Oil is often found within wastewater and originates from numerous industries such as manufacturing, pharmaceuticals, oil and gas, and food and beverage. Discharge of oil and water mixtures into the ocean is prohibited under SPCC regulations.
Produced water from oil wells is an example of Oil and Water Mixtures. A water and oil mixture is produced as a byproduct during the separation process of crude oil or gas, originating from the fluids or gases that are extracted from oil and gas reservoirs. This mixture’s physical and chemical characteristics vary due to its changing composition dependent on the amount of oil and gas present within it. These mixtures are harmful when released into navigable water and are regulated under the SPCC rule.
The containers that store produced water are also under the jurisdiction of SPCC. The oil within the container can potentially exist as free phase, dissolved phase, emulsion, or a sludge. Produced water storage containers count toward a facility's total oil storage capacity.
Hazardous Substances and Hazardous Waste
Hazardous substances and hazardous waste that contain oil are regulated under the SPCC rule, as are the containers that house these materials. “Used oil” falls under the Hazardous Substances and Hazardous Waste category, and refers to synthetic oil that has been used. The process of using this oil contaminates it with physical or chemical impurities.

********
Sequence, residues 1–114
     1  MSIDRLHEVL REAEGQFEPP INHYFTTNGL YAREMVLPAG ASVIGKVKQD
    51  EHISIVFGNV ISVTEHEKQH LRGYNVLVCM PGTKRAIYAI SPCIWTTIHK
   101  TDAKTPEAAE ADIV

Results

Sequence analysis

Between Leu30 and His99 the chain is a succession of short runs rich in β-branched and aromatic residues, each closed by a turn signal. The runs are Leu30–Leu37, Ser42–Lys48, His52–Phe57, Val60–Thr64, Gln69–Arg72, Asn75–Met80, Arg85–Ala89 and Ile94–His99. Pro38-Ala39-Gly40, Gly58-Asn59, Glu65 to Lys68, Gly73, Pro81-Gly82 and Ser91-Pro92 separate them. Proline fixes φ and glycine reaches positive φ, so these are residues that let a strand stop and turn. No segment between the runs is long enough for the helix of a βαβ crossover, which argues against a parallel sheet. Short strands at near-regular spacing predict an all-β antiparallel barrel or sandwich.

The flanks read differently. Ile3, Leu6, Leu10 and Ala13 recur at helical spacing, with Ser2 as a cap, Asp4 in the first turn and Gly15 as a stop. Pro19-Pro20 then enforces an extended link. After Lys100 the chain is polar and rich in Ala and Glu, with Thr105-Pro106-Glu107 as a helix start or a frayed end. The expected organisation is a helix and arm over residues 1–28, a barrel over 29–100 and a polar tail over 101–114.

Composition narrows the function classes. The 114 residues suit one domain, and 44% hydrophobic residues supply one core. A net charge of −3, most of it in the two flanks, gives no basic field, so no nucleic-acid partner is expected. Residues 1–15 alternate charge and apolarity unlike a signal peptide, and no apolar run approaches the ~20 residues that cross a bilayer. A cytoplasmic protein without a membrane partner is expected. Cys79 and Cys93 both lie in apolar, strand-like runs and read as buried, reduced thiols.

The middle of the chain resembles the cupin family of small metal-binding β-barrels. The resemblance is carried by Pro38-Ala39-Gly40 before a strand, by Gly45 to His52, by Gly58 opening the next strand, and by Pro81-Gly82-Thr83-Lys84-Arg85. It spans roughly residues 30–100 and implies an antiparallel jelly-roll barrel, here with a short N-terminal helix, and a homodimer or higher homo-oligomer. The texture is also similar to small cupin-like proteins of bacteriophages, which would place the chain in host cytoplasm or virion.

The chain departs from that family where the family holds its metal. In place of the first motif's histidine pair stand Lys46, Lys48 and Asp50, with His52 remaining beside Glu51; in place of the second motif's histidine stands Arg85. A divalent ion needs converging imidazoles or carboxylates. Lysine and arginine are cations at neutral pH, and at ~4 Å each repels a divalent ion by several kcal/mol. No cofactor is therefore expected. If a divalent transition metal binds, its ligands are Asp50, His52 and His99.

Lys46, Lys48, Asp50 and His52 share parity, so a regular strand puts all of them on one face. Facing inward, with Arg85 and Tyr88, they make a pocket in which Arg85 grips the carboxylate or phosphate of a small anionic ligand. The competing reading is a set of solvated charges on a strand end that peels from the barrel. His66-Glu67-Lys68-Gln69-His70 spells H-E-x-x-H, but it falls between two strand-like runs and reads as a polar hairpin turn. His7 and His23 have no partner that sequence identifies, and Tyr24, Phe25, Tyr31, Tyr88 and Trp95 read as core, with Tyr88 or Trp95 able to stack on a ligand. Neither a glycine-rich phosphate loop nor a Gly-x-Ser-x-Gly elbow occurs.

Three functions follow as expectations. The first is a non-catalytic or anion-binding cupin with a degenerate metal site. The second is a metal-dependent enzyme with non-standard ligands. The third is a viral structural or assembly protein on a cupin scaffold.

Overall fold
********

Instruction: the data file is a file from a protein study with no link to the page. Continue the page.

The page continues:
Denatured Ethanol used in Renewable Fuels
Renewable fuels are typically produced by blending unleaded gasoline with ethanol. The gasoline used in this blend is an oil regulated under the SPCC rule. Examples of renewable fuels include E85, also known as flex fuel. The gasoline within these blends serves the purpose of a denaturing additive. Like all oils regulated under the SPCC rule, the containers that house these renewable fuels are also mandated by the EPA.
Biodiesel and Biodiesel Blends
Biodiesel and biodiesel blends are a category of renewable fuels regulated under the SPCC rule. Biodiesel (B100) is a renewable fuel for diesel engines that is obtained from natural oils such as vegetable oils or animal fats, created by combining vegetable oil or animal fat with an alcohol component such as ethanol or methanol. The combination of these substances in the presence of a catalyst creates a reaction that produces biodiesel.
What information is required when drafting an SPCC plan?
An SPCC plan must include the following information:
- the amount of oil;
- location of the oil tanks;
- existing physical countermeasures in place to capture oil products;
- inspection procedures;
- emergency response procedures;
- and flow direction and patterns.
How often should your SPCC plan be updated?
It is standard practice to update your SPCC plan at least once, every five years. This entails a proper review on an existing SPCC plan including any revisions to facility design, or analysis of factors that could alter the facility's ability to discharge oil to navigable waterways. A revised version of the plan and the original plan itself must be certified by a Professional Engineer (PE).
Read an oil and gas case study here.